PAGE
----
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An energy-conserving contact theory for discrete element modelling of arbitrarily shaped particles: Basic framework and general contact model
Computer Methods in Applied Mechanics and Engineering, Volume: 373, Start page: 113454
Swansea University Author: Yuntian Feng
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The first paper of this series establishes a unified theoretical framework that lays a solid foundation for developing energy-conserving normal contact models for arbitrarily shaped bodies in the discrete element method. It is derived based solely on the requirement that the potential energy must be...
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The first paper of this series establishes a unified theoretical framework that lays a solid foundation for developing energy-conserving normal contact models for arbitrarily shaped bodies in the discrete element method. It is derived based solely on the requirement that the potential energy must be conserved for an elastic impact of two shapes under any condition. The resulting general energy-conserving contact model states that the normal force as a vector must be the gradient of a contact potential field. When such a contact potential or energy function is specified, a complete normal contact model for a pair of arbitrarily shaped particles, including the contact normal direction, contact point/line and force magnitude, will be automatically followed without introducing any additional assumptions. In this framework, the contact geometry and contact force are indispensably related and are evaluated in a consistent manner. Due to the paramount role that the energy function plays in the current theory, its fundamental properties are discussed, which serve as general guidance for choosing a valid energy function. In addition, both single and multiple contacts and their evolution can be handled in a seamless way. Some symmetric properties of particle shapes can also be utilised to simplify the contact models.Within the proposed theoretical framework, different choices or combinations of geometric features as variables for the contact energy function can give rise to unique types of energy-conserving contact models with distinct characteristics and features. Two such functions using only one primary feature, which lead to two specialised energy-conserving contact models, will be presented in the subsequent papers of this series.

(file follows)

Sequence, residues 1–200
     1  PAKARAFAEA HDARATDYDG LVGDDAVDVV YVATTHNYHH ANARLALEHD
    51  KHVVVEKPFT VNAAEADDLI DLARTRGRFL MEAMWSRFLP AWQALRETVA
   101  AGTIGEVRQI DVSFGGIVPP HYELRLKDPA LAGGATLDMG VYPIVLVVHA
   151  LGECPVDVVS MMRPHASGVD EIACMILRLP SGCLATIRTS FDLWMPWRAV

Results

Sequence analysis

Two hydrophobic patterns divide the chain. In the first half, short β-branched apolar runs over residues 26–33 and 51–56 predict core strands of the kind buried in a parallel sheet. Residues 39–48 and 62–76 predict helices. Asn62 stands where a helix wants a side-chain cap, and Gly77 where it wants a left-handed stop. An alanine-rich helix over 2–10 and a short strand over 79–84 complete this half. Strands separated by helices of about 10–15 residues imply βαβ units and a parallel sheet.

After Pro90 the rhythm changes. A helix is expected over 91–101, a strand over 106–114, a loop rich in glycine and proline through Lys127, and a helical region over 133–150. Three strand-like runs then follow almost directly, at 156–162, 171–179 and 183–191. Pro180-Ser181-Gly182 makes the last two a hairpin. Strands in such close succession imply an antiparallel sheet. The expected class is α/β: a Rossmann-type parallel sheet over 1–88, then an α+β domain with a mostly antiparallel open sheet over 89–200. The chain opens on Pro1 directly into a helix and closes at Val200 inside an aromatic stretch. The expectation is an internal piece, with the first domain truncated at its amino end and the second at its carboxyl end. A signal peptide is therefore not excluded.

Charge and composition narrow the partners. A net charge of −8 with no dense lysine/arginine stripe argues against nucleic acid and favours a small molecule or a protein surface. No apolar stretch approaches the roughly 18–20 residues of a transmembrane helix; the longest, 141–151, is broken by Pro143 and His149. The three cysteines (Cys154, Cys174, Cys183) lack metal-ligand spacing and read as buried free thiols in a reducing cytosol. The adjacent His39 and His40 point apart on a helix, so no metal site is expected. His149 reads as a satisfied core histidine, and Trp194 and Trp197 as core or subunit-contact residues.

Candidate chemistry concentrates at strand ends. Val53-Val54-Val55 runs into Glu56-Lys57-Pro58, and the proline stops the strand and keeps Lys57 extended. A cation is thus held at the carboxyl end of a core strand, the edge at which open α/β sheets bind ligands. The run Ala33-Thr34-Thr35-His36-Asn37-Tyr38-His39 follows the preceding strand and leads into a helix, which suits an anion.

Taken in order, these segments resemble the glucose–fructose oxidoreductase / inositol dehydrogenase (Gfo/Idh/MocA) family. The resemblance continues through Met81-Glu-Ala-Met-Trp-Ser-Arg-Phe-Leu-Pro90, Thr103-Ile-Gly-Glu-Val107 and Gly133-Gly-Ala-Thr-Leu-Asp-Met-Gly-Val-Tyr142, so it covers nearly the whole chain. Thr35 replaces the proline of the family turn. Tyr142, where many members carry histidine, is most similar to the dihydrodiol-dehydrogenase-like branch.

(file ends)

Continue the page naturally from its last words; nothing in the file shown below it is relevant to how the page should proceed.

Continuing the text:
Discrete element, Unified contact theory, Convex and concave shapes, Energy-conserving contact model, Multiple contacts
Faculty of Science and Engineering